Vi är numera rätt vana med sexism mot män i media men fullt så vana är vi ännu inte med att universitet står och leker sexistisk fanbärare så varsågod här är McMaster University, DeGroote School Of Business.
”Women’s abilities to make fair decisions when competing interests are at stake make them better corporate leaders, researchers have found.”
Påståendet kommer från Chris Bart, professor of strategic management vad det nu skall betyda. I vilket fall som helst spelar det om några sekunder ingen roll eftersom man inte kommer undan med sådant där på internet längre. I alla fall inte om man har ett kommentarsfält. Låt oss gå igenom några av svaren som McMaster nu kan ståta med som reklam.
”I am a professor at a major state university. The title intrigued me, being so blatantly sexist and intentionally inflammatory. As an educational institution, you should be ashamed of yourself for letting such a poorly titled, researched, and written article be publicly promulgated. A cursory examination of your sources (which were not completely cited, so one must dig in order to ferret out the data on which you based your rather spurious conclusions):
Joy, L., Carter, N. M., Wagner, H. M. & Narayanan, S. (2007): The Bottom Line: Corporate Performance and Women’s Representation on Boards. New York: Catalyst Inc.
NOT a peer reviewed paper – but a corporate position piece with no fidelity of data to support the authors’ claims.
Wilson, N and A Altanlar. 2009. “Director Characteristics, Gender Balance and InsolvencyRisk: an empirical study.
NOT a peer reviewed article, and the conclusion was that empirical inquiries lead to mixed results – the opposite conclusion of this article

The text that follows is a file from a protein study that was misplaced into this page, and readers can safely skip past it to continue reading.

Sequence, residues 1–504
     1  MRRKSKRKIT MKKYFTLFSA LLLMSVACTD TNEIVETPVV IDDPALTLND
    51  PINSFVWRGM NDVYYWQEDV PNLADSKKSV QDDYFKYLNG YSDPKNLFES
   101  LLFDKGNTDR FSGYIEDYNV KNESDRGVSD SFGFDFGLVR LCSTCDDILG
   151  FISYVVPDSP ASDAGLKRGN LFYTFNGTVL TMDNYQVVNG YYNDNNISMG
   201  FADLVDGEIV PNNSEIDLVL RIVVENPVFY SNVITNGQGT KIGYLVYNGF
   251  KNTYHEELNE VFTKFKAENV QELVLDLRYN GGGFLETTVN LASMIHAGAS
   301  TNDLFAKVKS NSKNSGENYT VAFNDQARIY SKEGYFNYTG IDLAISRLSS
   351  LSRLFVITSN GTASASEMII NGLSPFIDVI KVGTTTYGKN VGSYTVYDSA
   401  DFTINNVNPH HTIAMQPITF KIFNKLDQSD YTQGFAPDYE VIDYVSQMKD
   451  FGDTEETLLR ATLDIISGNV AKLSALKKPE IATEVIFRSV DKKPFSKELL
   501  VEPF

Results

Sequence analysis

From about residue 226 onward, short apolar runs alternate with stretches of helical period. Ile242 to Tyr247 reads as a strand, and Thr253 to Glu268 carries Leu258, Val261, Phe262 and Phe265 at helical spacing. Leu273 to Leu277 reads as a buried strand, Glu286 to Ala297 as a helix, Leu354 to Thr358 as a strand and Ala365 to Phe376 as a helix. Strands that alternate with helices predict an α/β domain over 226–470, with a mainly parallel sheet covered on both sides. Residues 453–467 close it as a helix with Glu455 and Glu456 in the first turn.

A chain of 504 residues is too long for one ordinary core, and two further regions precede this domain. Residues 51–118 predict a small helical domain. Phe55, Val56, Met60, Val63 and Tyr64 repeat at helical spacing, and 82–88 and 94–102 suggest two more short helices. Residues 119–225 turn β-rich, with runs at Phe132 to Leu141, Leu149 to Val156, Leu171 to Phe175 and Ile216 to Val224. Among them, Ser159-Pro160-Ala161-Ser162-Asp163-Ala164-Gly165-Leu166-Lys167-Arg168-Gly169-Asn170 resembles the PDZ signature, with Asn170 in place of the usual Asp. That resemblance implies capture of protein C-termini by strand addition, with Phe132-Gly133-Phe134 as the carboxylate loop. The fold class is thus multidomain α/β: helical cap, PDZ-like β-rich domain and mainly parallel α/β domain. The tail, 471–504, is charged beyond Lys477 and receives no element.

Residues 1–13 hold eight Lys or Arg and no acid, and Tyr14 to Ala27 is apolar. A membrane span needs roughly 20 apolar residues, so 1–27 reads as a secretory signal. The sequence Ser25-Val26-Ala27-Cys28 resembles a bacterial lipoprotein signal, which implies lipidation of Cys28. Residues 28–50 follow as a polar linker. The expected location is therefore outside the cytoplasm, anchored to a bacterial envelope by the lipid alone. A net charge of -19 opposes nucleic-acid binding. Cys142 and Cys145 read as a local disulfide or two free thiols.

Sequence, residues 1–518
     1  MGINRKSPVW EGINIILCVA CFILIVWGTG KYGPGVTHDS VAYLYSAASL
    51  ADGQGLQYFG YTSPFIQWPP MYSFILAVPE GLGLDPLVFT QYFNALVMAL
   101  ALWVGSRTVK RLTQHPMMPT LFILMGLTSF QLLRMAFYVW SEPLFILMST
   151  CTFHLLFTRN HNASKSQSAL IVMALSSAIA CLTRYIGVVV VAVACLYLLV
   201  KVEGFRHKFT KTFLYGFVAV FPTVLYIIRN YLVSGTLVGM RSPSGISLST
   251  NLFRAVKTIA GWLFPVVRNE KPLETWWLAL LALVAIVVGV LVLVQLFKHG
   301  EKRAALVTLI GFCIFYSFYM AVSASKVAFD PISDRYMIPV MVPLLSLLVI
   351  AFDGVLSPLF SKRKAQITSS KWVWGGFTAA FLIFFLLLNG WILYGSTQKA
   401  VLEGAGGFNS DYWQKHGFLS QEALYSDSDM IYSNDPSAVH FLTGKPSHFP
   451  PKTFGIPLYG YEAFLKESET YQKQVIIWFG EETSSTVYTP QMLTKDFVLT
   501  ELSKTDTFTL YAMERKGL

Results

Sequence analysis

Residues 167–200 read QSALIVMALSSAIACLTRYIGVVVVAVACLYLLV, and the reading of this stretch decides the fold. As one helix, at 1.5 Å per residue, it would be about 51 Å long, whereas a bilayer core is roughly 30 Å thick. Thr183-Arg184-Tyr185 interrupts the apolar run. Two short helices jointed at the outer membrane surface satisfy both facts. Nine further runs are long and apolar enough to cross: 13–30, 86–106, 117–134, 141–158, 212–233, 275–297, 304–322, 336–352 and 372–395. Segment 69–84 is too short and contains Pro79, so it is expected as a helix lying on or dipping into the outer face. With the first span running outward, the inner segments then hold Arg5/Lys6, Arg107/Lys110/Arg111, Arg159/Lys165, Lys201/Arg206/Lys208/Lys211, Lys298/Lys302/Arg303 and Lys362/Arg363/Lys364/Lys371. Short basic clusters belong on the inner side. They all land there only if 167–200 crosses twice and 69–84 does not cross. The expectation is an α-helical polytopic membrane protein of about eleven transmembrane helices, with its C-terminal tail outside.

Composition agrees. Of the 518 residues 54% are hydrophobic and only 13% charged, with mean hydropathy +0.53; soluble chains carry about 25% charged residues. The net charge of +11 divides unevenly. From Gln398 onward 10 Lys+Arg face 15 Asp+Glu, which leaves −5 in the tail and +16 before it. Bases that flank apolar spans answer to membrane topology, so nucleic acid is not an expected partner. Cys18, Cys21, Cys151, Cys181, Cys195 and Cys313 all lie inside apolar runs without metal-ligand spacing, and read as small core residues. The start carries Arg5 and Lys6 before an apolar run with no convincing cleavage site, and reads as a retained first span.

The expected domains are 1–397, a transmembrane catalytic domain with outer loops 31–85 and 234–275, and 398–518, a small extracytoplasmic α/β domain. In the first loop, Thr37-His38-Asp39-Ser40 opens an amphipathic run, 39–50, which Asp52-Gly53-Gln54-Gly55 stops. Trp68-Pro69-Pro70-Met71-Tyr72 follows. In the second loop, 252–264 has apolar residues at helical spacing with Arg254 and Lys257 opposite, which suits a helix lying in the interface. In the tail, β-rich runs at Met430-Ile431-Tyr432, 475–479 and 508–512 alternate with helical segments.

Fondas, N. and S. Sassalos (2000), “A Different Voice in the Boardroom: How the Presence of Women Directors Affects Board Influence”
This article was based on archival survey data from 1991, and came to the conclusion that boards who included women at the time were more open to shareholder input and had a corporate culture of openness: NOT any specific qualities of the behavior of women. Again, poor research and sourcing.
It was at this point I stopped seeking the empirical sources for you article, because you had lost all credibility. If one of my graduate students had produced this sexist pile of poorly produced pugnaciousness, I would have a long and serious discussion with them about academic standards. I suggest you may want to consider the same, being that you embarrass yourself as an academic institution by this article’s inclusion in your public discourse.”
Om inte detta vore tillräckligt så lyckades de även bli kända i England med resultatet att en viss politisk kampanj passade på att svara.
When I was sent a link to this piece, I honestly assumed it was an ‘April Fool’s Day’ joke – I don’t know if that’s unique to the UK, but basically it refers to a ridiculous story presented as a serious one on serious platforms (usually newspapers, but sometimes websites), to take in the general public. But it’s a few days too early, and it’s clear it’s not.
How to respond? Well, you cite a report (Joy et al.) from Catalyst, a militant feminist campaigning organisation, and Prof Susan Vinnicombe, so let’s dispose of those two swiftly with one blog piece.
Then there’s the longitiudoinal studies which show conclusively that increasing female representation on corporate boards leads to declines in corporate performance (not one longitudinal study in the world has show an improvement):
Feel free to contact me for more explanation of why your assertion, ‘Women make better decisions than men’ is… now, what’s the word I’m searcing for?… oh yes, that’s it… wrong.
Have a nice day.
CAMPAIGN FOR MERIT IN BUSINESS
Utöver dessa två tunga svar så finns även mänger av andra kritiska svar eftersom artikeln länkades av A Voice for Men med rubriken ”McMaster University: Girlz iz mo betta”